Our Human Family
Published in

Our Human Family

My Daughter’s — and My — Mary Poppins Moment

Questions of racial identity and parental inadequacies

Photo by Edu Lauton on Unsplash

When my middle child was three years old, she and I watched the Walt Disney movie Mary Poppins one day. During a close-up of fair-skinned, light-eyed Julie Andrews, my brown-skinned, brown-eyed daughter turned to me and said, “You look like Mary Poppins. Why don’t I look like Mary Poppins?”

--

--

--

​Our Human Family celebrates the inherent value of all human beings by fostering conversations on racial equity, allyship, inclusion, antiracism, and equality.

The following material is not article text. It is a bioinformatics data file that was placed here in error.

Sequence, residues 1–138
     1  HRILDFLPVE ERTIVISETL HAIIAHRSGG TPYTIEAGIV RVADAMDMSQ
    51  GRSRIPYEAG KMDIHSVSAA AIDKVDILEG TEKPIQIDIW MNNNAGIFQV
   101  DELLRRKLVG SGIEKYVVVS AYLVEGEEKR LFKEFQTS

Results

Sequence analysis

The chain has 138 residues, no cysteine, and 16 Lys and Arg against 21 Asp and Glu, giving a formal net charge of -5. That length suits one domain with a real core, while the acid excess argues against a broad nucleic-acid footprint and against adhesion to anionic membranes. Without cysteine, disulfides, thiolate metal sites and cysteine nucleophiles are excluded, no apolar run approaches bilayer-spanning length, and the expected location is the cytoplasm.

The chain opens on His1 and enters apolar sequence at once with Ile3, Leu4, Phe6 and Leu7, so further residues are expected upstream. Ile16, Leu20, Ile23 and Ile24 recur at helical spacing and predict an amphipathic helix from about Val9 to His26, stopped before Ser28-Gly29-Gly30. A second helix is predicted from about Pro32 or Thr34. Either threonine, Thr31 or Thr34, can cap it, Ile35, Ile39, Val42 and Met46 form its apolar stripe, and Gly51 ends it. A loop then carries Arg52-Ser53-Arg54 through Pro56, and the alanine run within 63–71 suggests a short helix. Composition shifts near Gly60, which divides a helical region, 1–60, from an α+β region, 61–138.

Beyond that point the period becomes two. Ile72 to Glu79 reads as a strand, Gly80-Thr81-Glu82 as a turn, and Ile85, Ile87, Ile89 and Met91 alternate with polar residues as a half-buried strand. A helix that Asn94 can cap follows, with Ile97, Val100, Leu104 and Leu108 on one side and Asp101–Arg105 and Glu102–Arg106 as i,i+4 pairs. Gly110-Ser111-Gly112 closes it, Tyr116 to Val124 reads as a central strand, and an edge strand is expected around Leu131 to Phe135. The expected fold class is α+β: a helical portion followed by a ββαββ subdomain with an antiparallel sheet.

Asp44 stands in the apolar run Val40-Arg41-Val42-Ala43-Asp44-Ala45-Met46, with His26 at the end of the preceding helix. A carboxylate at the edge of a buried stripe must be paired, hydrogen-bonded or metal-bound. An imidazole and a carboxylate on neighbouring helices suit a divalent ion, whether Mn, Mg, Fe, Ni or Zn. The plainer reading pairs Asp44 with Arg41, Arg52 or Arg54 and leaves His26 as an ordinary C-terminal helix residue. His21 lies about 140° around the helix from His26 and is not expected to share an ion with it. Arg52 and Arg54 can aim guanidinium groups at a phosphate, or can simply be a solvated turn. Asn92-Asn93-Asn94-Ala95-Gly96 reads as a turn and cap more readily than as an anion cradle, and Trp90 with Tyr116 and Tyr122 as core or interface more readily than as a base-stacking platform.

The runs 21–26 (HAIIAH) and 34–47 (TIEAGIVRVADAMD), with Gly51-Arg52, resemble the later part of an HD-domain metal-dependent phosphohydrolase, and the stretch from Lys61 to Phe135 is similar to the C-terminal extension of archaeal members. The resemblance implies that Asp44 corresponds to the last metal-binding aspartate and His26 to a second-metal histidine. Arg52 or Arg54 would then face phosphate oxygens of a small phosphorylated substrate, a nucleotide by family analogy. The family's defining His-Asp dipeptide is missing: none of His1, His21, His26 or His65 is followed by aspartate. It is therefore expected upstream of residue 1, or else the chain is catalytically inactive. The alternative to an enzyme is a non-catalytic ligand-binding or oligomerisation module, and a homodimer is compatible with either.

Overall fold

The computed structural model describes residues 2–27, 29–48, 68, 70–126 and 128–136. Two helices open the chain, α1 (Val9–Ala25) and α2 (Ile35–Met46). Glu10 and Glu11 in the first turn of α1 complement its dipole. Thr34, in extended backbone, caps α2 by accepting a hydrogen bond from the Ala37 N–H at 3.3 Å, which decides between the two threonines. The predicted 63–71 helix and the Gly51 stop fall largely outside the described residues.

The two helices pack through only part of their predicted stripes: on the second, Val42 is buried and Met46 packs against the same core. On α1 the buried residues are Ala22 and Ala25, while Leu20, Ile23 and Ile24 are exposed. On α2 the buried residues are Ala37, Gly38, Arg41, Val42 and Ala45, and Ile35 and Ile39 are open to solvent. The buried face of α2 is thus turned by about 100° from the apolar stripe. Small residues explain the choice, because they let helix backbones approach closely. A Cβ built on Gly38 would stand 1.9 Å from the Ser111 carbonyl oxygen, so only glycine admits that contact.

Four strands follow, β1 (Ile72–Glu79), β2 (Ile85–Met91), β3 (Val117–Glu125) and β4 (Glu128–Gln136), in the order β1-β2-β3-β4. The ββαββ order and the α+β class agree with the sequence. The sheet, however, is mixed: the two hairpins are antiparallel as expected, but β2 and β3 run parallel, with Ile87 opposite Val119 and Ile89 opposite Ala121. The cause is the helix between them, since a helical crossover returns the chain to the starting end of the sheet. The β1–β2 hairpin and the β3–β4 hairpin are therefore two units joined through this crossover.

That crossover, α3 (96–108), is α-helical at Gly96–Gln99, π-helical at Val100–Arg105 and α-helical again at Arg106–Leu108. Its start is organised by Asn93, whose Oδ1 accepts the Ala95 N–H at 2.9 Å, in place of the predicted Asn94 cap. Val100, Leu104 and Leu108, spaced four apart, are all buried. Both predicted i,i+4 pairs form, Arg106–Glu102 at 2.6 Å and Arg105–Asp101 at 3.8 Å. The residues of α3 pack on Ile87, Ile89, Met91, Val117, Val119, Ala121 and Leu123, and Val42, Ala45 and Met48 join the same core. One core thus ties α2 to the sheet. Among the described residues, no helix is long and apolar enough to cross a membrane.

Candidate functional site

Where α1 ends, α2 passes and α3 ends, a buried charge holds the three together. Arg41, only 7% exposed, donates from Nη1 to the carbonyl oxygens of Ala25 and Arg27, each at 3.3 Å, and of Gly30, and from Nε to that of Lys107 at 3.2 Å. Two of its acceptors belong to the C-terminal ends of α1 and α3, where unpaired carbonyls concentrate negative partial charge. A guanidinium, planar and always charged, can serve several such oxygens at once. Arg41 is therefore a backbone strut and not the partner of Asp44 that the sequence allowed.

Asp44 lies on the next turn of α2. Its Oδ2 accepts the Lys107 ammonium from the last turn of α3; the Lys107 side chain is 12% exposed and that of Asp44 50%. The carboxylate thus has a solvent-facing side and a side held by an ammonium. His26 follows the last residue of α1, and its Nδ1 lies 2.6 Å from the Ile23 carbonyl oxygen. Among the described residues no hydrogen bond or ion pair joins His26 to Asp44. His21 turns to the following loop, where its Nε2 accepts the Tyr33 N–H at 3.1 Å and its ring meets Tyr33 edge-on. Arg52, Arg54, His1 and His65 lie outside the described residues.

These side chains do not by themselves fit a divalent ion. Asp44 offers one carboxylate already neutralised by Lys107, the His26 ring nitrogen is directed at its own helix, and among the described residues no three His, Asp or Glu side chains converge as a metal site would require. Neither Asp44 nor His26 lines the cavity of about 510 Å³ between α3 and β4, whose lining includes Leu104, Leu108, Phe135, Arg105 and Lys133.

Recommended from Medium

“Didn’t You Know? They Were Passing.”

People are people everywhere (Pt. 1)

Yeah, No, That Study Doesn’t Debunk Police Racism

Race is a reality, not just pub chat

It is Illogical to Associate Black-on-Black Crime with Police Brutality

Privileged And Safe: Reflecting On My Childhood In The South

A Broken Record

Why I Still Celebrate the Fourth of July as a Black American

Get the Medium app

A button that says 'Download on the App Store', and if clicked it will lead you to the iOS App store
A button that says 'Get it on, Google Play', and if clicked it will lead you to the Google Play store
Karen DeGroot Carter

Karen DeGroot Carter

Bylines in Publishers Weekly, The Writing Cooperative, others. One Sister’s Song (novel). Not Nearly Everything You Need to Know About Writing (ebook).

More from Medium

The World Within For An Autistic Child

2020 Broke Me, and I’m Grateful

Revisiting ‘Wild Tales’: The Film for This Rage-Filled Time